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Archives On The Air 244: Historic Flight — C. Townsend Ludington Papers

C. Townsend Ludington was aviation pioneer. His career began when he taught flying at the U.S. Naval Air Station in San Diego during WWI. He admired other pilots of the era, including Charles Lindbergh.

Lindbergh is best known for completing the first solo nonstop transatlantic flight in 1927. It took him 33½ hours to make the trip from New York to Paris. Lindbergh famously struggled to stay awake during the flight and navigated by using a periscope.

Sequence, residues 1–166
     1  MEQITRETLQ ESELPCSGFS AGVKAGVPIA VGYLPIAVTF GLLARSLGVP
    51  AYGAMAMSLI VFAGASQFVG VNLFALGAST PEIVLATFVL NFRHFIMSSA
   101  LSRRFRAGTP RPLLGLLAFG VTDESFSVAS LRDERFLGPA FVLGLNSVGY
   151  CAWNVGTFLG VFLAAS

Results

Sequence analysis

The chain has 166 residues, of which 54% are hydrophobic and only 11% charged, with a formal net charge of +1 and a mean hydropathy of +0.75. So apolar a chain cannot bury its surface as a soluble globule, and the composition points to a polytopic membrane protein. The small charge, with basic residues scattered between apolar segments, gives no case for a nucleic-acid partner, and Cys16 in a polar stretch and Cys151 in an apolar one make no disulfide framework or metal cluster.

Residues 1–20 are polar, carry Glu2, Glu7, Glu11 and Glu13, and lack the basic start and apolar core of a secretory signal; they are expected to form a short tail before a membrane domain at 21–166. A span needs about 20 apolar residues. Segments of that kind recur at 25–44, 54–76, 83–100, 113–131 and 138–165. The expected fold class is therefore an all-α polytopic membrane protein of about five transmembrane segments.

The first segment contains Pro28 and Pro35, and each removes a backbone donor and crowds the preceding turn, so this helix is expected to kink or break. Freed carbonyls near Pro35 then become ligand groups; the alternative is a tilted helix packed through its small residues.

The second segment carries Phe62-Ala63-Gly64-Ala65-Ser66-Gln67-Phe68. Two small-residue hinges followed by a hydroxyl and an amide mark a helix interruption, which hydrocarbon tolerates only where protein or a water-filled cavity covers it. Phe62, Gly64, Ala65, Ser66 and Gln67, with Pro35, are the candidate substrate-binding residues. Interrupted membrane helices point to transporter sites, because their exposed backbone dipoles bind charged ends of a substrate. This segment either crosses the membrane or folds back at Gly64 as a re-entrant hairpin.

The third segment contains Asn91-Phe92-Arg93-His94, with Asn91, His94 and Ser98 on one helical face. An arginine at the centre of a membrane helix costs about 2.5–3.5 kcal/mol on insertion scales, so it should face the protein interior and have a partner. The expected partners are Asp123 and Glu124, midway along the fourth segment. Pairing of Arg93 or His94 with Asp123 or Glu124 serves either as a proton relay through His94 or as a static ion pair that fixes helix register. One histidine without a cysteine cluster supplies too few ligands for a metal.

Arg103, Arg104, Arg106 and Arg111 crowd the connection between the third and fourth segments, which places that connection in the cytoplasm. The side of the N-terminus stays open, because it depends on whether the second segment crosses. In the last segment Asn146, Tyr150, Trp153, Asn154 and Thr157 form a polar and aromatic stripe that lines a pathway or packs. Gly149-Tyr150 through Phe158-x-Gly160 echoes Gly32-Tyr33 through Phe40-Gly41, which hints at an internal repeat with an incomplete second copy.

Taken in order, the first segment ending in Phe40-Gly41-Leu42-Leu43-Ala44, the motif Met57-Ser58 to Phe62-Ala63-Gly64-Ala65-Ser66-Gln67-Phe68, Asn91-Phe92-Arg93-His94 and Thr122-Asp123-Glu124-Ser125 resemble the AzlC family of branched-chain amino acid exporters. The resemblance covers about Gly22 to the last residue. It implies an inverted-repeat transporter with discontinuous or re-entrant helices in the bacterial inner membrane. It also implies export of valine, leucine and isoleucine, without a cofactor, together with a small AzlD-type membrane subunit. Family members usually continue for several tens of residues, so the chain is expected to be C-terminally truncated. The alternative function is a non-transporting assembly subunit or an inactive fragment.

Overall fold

At only 25 years of age, Lindbergh became an immediate international celebrity.

30,000 Parisians greeted the aviator upon arrival. Lindbergh flew on to Belgium and England and then returned, by ship, to a hero’s welcome in Washington D.C.. New York City threw him a ticker tape parade.

See a silent film newsreel of "The Epic Trans-Atlantic Flight" online in the digital collection of the C. Townsend Ludington papers at UW’s American Heritage Center.